By John Fernández and Paulo Ferrão. MIT Press, 2013, 264 pages, $35.

Helping Cities Go Green

In 2012, officials in Dubai asserted that their city would rank among the most sustainable metropolises in the world by 2020. About the same time, Washington, D.C., Mayor Vincent Grey trumpeted greenest-city status by 2032. A glimpse of the cities' sustainability plans shows two different approaches to the same goal. For Dubai, it means supplying five percent of electricity photovoltaically and outlawing energy-hog buildings. While Washington also aims for renewable-energy use and efficient structures, it prioritizes cleaning up the Anacostia River and increasing urban agriculture.

Sustainable Urban Metabolism

In concept, tailoring one city's sustainability initiatives to reflect its climate, culture, and stage of development should benefit all cities—or at least maximize the environmental benefits. But even the best intentions will not necessarily yield positive results. What if Dubai's photovoltaics are sourced irresponsibly upstream? What if urban farming in Washington causes a spike in the insecticides and fertilizers that wash into the Anacostia? Because the causes and effects of environmental management are complex and far from linear, urban-scale sustainability is littered with possible backfirings: electrical vehicles that draw their power from coal-fired plants, local manufacturing initiatives that lead to transit inequity, and so on.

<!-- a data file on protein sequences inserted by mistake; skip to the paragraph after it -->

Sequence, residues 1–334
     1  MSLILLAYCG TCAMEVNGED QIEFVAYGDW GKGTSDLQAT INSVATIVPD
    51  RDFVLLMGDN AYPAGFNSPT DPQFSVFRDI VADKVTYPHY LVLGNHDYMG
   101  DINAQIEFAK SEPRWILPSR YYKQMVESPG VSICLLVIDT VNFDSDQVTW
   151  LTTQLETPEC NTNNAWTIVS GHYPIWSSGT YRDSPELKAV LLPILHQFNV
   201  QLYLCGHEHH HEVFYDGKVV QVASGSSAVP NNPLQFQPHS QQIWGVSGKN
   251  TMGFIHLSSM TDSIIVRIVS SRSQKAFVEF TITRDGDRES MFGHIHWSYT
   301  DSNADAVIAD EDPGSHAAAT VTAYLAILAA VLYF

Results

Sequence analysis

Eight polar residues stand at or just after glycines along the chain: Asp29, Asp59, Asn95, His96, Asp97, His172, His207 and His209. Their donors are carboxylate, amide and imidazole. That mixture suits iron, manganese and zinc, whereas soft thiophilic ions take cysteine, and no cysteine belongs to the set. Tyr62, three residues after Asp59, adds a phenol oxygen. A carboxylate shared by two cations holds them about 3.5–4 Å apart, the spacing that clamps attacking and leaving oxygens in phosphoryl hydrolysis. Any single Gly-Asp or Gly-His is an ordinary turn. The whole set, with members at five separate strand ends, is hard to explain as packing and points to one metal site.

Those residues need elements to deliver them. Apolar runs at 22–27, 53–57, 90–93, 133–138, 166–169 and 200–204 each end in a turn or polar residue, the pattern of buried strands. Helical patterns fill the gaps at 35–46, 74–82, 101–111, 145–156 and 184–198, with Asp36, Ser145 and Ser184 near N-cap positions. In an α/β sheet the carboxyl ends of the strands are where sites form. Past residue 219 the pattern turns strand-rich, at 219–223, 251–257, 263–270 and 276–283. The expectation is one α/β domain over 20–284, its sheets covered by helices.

In this book, the authors shed light on the inconsistent terms and blind spots that plague urban sustainability initiatives. Professors of mechanical engineering and building technology, respectively, Ferrão and Fernández want to arm municipal stewards with data that are currently unavailable to them. Without an accurate portrayal of environmental inputs and outputs, decisions may lack impact or do more harm than good.

The first step in measuring and analyzing the resources a city consumes and the waste it emits is to establish a methodology. Employing the metaphor of urban metabolism, the authors show how to measure the environmental systems that converge in a city. They set criteria, weight them according to different city typologies, and identify the data sources to quantify those terms. Watching this framework unfold is like witnessing the creation of an algorithm. One can imagine this book spawning the next round of Code for America fellowships.

For readers who are not smart-cities acolytes or app programmers, this narrative may seem more technical than compelling. Its potential usefulness, on the other hand, should thrill anyone: standardized data could help planners from Dubai and Washington form a mutual understanding of what it means to be green (or greenest). Perhaps more important, it could help planners from cities similar in resource flows or physical form compare policies for mutual improvement. Sustainable Urban Metabolism applies the management adage, "What gets measured gets done" to the 21st-century game of planetary survival.